Iran has dominated the headlines over the last few weeks, but Venezuela’s oil sector continues to meltdown.
Venezuela’s oil production fell to just 1.197 million barrels per day in September, down 42,000 bpd from a month earlier. However, because things are moving so quickly, that figure is now woefully out of date. With a few weeks left in 2018, many analysts believe production could fall below 1 mb/d.
Venezuela’s oil exports to the United States declined by 19 percent in October, compared to a month earlier. The decline came as a result of maintenance from the country’s upgraders, which turn heavy oil from the Orinoco Belt into exportable forms of oil. Without the ability to process, exports plunged.
But Venezuela is replete with operational and financial problems that are also contributing to the sharp decline in output and exports. Another issue has been the damaged port of Jose, the main conduit for oil exports. A tanker collision in August disrupted shipments from the port for weeks, and it remains only partly operational.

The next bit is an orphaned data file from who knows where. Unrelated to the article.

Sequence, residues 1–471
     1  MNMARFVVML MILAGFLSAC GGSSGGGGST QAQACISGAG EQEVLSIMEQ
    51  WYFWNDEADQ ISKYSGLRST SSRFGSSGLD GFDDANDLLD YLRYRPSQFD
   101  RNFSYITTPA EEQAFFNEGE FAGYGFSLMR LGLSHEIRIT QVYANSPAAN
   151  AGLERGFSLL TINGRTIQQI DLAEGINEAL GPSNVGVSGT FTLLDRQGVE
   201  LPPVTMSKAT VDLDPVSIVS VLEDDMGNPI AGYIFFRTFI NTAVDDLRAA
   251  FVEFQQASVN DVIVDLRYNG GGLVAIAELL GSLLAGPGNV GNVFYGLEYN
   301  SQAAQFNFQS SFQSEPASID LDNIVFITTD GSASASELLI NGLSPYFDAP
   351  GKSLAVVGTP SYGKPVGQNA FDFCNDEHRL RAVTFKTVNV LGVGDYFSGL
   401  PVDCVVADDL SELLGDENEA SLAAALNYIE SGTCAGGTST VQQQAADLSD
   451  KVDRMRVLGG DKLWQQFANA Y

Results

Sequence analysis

Nobody is hurting more than the Venezuelan people. At least 2.3 million people have fled Venezuela since 2015, according to a new estimate from the United Nations. The country’s inflation rate topped 833,997 percent in October, according to a report from Venezuela’s opposition-controlled Congress. The number is so astronomical that it is virtually meaningless, just as the currency itself is completely worthless.
Fuel shortages are growing worse. State-owned PDVSA has seen its refineries run into the ground, and many are not operational or operating at very low levels. On paper, the refineries can process about 1.3 million barrels per day, but in reality, many have ceased operations due to a combination of factors, including a breakdown in parts, a lack of oil supply to work with, and no financial resources. According to Bloomberg, refinery utilization is down to around 17 percent, down from 50 percent as recently as 2016.
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